The New York Times (11/4, A20, Lipak) reports that this “was supposed to be the term’s blockbuster business case,” but the argument “quickly turned into a search for limiting principles.” According to the Times, “Several justices appeared open to the idea that preemption could follow from the FDA’s approval of a drug label — but only if drug companies remained subject to lawsuits if they failed to disclose new information about potential risks,” and “other justices seemed prepared to allow preemption — but only if the drug agency had considered the particular risk before approving the label.” The Times adds, “Given the justices’ interest in those refinements, the court seemed unlikely to rule broadly on the larger issues in the case: whether the agency and other federal regulators set minimum safety standards that states are free to augment or whether they make judgments about the optimal balance between risks and benefits that states must follow.”
The AP (11/3, Sherman) added, “Several justices indicated that if the U.S. Food and Drug Administration had clear information about the risks of Wyeth Pharmaceuticals’ anti-nausea drug Phenergan, and approved its warning label anyway, then Wyeth probably would prevail in its court fight against Diana Levine of Vermont.” However, “there was considerable skepticism among the justices — and disagreement between the opposing lawyers — that the FDA had a clear picture of the disastrous consequences of improperly giving Phenergan by” IV push.
The Wall Street Journal (11/4, A3, Bravin) notes, “Several Supreme Court justices expressed skepticism with arguments given Monday by business interests hoping for wide immunity from lawsuits over federally regulated products.” Also, “several justices seemed to be searching for a moderate position, whereby private lawsuits might be permitted in extraordinary circumstances. The justices seemed disinclined to permit private lawsuits to simply re-evaluate data that the FDA had fully considered.”
USA Today (11/4, Biskupic, Appleby) points out that “much of the give-and-take centered on what happened in Levine’s case. A majority of the justices did not tip their hand, although they emphasized different issues.” While “Justices Ruth Bader Ginsburg and Samuel Alito raised questions of patient safety and the adequacy of FDA review of the drug label,” both “Chief Justice John Roberts and Justice Antonin Scalia focused on drugmakers’ ability to meet federal requirements without further demands from the states.” Another USA Today (11/4, Biskupic) article reports, “A majority of the justices did not tip their hand during the hour of oral arguments. Many suggested a key question may be how the FDA had handled any attempt by Wyeth to change its label to made clear the dangers from the particular administration used on Levine.”
The Legal Times (11/3, Mauro) reported, “The Supreme Court appeared torn” during the argument, and “the case could be decided narrowly, giving little guidance about broader preemption issues beyond the area of drug labeling.” In contrast, McClatchy (11/3, Doyle) reported, “several justices appeared ready to declare that federal regulations preempted certain state lawsuits. That would be a major victory for the drug company.” CongressDaily (11/3, Edney) also reports that Levine’s lawyers “faced hefty skepticism from justices.”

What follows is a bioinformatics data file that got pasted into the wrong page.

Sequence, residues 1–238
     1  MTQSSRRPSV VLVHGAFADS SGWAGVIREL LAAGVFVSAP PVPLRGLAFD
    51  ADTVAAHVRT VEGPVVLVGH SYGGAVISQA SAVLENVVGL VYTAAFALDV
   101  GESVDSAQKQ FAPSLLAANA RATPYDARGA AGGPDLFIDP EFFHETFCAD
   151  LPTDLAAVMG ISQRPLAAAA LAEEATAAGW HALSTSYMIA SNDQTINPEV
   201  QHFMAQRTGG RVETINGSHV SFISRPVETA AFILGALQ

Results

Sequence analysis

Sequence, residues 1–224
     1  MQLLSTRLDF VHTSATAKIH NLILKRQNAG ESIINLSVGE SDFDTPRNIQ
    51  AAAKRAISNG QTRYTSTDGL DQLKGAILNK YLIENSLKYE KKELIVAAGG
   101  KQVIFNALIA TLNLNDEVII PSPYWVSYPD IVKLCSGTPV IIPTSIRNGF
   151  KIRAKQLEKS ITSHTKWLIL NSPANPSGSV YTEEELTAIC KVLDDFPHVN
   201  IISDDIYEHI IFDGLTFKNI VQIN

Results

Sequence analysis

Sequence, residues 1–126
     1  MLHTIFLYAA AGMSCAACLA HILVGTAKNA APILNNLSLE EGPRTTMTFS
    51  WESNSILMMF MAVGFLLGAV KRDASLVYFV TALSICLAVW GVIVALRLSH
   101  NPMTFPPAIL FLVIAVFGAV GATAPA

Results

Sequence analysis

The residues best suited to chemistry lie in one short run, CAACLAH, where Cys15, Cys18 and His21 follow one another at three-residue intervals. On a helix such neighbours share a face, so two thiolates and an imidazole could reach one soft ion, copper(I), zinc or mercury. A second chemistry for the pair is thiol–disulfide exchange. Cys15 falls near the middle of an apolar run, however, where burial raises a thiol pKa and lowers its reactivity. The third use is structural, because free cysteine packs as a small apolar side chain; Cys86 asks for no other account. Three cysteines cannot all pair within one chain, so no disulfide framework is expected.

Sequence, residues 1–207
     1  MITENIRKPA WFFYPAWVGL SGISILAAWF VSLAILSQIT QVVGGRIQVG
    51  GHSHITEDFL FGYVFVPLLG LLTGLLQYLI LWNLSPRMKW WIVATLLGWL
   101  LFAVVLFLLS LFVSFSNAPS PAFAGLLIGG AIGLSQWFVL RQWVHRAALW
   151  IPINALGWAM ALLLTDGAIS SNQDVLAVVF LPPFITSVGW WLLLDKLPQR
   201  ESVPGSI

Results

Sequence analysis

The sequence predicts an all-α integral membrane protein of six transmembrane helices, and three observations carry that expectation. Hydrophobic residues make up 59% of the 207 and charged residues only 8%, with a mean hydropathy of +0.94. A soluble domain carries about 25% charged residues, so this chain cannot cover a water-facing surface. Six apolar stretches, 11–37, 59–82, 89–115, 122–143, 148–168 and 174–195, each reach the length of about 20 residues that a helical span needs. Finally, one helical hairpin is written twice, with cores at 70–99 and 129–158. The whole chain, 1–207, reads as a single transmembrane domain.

The Los Angeles Times (11/4, Savage) reports, “If the court agrees with the administration, congressional Democrats have said, they will seek to revise the law and restore consumers’ right to sue.” The Kiplinger Letter (11/4, Craver) reports, “Lawmakers have already taken action to help remedy the issue. In reauthorization legislation for the Consumer Product Safety Commission, Congress nullified the preemption language by inserting a section that preserves the right of consumers to seek restitution from those who caused them harm.” During President Bush’s administration, “over 60 proposed or final regulations put out by government agencies include language aimed at shielding companies from product liability claims. Les Weisbrod, president of the American Association for Justice, said, “In effect the Bush administration has made the safety of Americans secondary to corporate profits.”
In the Health blog on the Wall Street Journal (11/3), Sarah Rubenstein wrote, “what happens in tomorrow’s presidential election may be every bit as important as what the Supremes say about Wyeth v. Levine,” because “a Wyeth victory in court could be offset by an Obama presidential victory and a Democratic Congress.”
Dow Jones Newswires (11/3, Favole) and NPR (11/3, Totenberg) also cover this story. Dan Slater, in the Law blog of the Wall Street Journal (11/3), and Sarah Rubenstein, in a separate Health blog posting on the Wall Street Journal (11/3) website, also cover this story.
Sen. Leahy argues Levine should prevail. In the Congress blog on The Hill (11/3), Sen. Patrick Leahy (D-Vt.), chairman of the Senate Judiciary Committee, wrote that “every American consumer will have a stake in the outcome” of this case. “The justices’ ruling in Ms. Levine’s case will affect the millions of Americans who use prescription drugs and may suffer avoidable injuries.” Meanwhile, “the Bush Administration is taking the drug companies’ side against consumers, putting corporate profits above all else.” However, “corporate accountability and the right of American citizens to seek justice in their state courts hang in the balance.” Should the Court overturn “the Vermont jury’s decision, even the most misleading, inaccurate or insufficient drug label, if okayed by the FDA, will immunize a company from virtually all attempts by injured consumers like Ms. Levine to receive compensation.”
WSJournal argues Levine victory would stop drug innovation. The Wall Street Journal (11/4) editorializes that the “drug-approval system…balances the risks of treatments against the risk of not being treated at all. And a jury, faced with a single sympathetic plaintiff, is in no position to rule on the correctness of those FDA judgments.” The Journal adds, “it amounts to double jeopardy to say, even if you” go through the approval process and correctly label the drug, “that you can still get sued if something goes wrong because someone else made a mistake. If a known and disclosed medical risk can still lead to a law suit, drug companies can literally be sued for anything.” The Journal concludes, “if we want state juries second-guessing the FDA at every turn, let’s pass a law in broad daylight so everyone knows whom to blame when drug innovation stops cold.”